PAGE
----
Melting Pot

Barcelona, Spain. International Airport. 3:05 p.m.

Standing at baggage claim, awaiting my adventure in this new country and looking forward to practicing some rudimentary Spanish that I kind of remember from high school, and as soon as I think it I find myself in this conversation:

[Enter, oldish man wearing no front teeth, chapped lips, and a blue blazer. He shuffles toward Andrea, standing at the baggage belt. And says…]

“No puedo encontrar mi equipaje.”

[No response]

“No puedo encontrar mi equipaje.”

[Startled] “Oh, um, me? Um…siento, hablo sólo un pequeño español.”

[Pause]

“No puedo encontrar mi equipaje!”

“Again, um, otra sir, no entiendo. Lo siento.”

[pause]

“Usted no es de España?”

“Nope.”

[pause]

[Louder] “No puedo encontrar mi equipaje!”

[To self] “Equipaje? What the hell does that mean?”

“Um, bags? Las bolsas están aquí.”

[Gestures to baggage belt directly in front of them.]

“No, no, usted no entiende.”  [Slower and louder] “¿Dónde está mi equipaje?”

“Oh, you don’t know where your bags are? Um…”

[Points to the arrivals screen.]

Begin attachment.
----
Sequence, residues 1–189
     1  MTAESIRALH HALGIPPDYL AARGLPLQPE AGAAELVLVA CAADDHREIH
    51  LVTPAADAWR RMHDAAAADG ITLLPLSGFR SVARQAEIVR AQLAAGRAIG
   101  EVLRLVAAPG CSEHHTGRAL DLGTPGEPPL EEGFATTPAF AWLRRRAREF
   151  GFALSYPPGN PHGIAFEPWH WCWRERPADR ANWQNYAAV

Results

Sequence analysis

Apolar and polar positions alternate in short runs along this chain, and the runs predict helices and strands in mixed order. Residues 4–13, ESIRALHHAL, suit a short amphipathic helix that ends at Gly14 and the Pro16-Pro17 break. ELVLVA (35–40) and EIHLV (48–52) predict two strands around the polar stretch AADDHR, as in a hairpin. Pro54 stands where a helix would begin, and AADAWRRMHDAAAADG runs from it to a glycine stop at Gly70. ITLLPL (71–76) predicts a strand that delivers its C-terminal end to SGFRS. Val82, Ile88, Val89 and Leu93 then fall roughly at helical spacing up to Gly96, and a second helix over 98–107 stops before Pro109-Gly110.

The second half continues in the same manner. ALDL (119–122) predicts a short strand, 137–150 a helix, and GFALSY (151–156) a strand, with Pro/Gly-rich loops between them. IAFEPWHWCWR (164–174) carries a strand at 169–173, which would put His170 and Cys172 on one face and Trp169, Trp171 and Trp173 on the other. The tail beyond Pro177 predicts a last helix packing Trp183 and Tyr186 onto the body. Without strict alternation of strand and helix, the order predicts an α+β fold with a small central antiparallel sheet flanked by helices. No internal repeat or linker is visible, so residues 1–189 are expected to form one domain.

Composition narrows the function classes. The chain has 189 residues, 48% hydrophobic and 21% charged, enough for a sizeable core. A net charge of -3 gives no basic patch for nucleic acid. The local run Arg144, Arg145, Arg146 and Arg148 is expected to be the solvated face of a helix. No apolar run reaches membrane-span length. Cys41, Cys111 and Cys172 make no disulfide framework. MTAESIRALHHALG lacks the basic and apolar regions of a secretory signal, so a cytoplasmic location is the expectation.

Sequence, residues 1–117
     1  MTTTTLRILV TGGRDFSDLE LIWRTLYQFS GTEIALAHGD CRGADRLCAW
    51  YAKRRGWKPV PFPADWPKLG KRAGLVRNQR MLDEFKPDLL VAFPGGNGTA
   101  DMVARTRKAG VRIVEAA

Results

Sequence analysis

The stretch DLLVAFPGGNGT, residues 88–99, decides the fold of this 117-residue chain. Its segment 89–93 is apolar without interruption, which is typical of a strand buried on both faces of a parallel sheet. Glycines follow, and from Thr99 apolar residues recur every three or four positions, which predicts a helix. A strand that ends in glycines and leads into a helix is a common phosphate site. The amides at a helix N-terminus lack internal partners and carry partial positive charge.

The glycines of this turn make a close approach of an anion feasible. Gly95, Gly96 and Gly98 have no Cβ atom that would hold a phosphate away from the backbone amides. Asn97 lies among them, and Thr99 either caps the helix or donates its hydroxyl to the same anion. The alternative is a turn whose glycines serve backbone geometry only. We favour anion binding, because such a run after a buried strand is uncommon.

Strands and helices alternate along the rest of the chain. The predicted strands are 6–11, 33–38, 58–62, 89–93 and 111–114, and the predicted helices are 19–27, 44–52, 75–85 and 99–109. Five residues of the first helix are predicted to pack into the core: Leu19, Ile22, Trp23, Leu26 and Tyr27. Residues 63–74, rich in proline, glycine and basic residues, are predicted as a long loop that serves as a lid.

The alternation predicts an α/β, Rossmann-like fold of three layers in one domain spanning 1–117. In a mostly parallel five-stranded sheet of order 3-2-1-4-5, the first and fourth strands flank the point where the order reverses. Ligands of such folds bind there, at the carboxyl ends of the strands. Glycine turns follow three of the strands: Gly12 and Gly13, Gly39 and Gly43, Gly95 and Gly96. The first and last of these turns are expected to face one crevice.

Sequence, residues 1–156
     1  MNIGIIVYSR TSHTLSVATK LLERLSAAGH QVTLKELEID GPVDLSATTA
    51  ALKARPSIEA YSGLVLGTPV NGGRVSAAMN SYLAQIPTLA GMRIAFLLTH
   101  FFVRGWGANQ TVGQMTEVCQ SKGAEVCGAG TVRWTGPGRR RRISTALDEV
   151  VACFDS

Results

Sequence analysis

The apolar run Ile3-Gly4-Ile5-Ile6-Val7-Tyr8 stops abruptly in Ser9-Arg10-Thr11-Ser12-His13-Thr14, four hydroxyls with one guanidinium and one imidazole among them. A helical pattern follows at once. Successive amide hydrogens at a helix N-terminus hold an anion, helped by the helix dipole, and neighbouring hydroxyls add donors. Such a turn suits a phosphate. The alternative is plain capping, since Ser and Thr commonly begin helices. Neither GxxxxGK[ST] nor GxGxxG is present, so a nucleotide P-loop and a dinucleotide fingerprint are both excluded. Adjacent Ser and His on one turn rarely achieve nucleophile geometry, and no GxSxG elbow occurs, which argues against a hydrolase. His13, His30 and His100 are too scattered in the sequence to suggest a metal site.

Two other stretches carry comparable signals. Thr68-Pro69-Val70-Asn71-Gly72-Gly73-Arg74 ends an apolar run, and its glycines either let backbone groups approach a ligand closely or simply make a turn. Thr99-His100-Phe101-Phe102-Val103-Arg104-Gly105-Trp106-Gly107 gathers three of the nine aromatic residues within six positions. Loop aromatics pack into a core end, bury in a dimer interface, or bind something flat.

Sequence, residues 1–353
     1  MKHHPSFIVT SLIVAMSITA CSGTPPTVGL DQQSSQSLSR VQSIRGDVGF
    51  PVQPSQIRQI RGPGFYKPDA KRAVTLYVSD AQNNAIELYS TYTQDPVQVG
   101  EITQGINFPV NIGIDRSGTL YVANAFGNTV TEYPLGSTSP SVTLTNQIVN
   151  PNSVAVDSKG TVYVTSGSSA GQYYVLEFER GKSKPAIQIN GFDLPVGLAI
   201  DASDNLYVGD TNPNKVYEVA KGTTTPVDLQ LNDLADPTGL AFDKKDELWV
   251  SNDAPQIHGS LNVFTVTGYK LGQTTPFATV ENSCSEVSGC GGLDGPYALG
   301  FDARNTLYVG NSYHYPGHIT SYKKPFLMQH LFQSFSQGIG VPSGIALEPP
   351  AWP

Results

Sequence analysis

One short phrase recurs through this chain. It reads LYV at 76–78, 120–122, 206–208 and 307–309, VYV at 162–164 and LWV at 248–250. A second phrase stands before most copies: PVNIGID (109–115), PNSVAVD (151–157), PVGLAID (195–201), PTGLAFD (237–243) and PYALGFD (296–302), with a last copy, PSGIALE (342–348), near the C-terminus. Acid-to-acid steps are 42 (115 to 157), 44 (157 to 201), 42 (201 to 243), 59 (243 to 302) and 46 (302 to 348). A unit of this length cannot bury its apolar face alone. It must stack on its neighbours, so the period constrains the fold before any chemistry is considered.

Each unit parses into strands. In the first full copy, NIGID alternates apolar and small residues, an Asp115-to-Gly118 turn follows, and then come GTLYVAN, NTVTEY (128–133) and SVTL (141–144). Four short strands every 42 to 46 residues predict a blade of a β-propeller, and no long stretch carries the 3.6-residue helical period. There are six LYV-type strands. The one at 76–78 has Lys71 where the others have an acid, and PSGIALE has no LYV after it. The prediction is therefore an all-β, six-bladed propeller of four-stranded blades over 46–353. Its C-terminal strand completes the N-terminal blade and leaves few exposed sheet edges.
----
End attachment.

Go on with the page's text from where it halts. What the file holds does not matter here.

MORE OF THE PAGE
“Qué aerolínea? Did you fly? Where? Donde?”

“Nueva York”

“Claro. Belt tres.”

“Gracias señora. Buenas dias.”

[Man shuffles off. Andrea is left at baggage claim flustered, but smiling.]

Conversations like this happen quite frequently when I travel to Europe. In Turkey I was asked questions in Turkish, in Greece in Greek, even in New York I’ve been approached in Italian and Spanish. I guess I look Turkish, or Greek, or Spanish, or Italian. Is it my olive skin? My brown eyes? My chestnut hair? Could be.  The truth is my cultural heritage is a mix of Scottish, English and German. My family’s theory is that when the Romans conquered the British Isles during the Roman Empire, some burly Roman soldier found a Scottish milk-maid he fancied and made his love “official,”  thus securing my future as a melting pot person. I like it actually. I’m proud to be an American of diverse cultural heritage.

I wonder if I’ll be mistaken for Japanese on Thursday?

Leave a Reply

Fill in your details below or click an icon to log in:

WordPress.com Logo

You are commenting using your WordPress.com account. Log Out / Change )

Twitter picture

You are commenting using your Twitter account. Log Out / Change )

Facebook photo

You are commenting using your Facebook account. Log Out / Change )

Google+ photo

You are commenting using your Google+ account. Log Out / Change )

Connecting to %s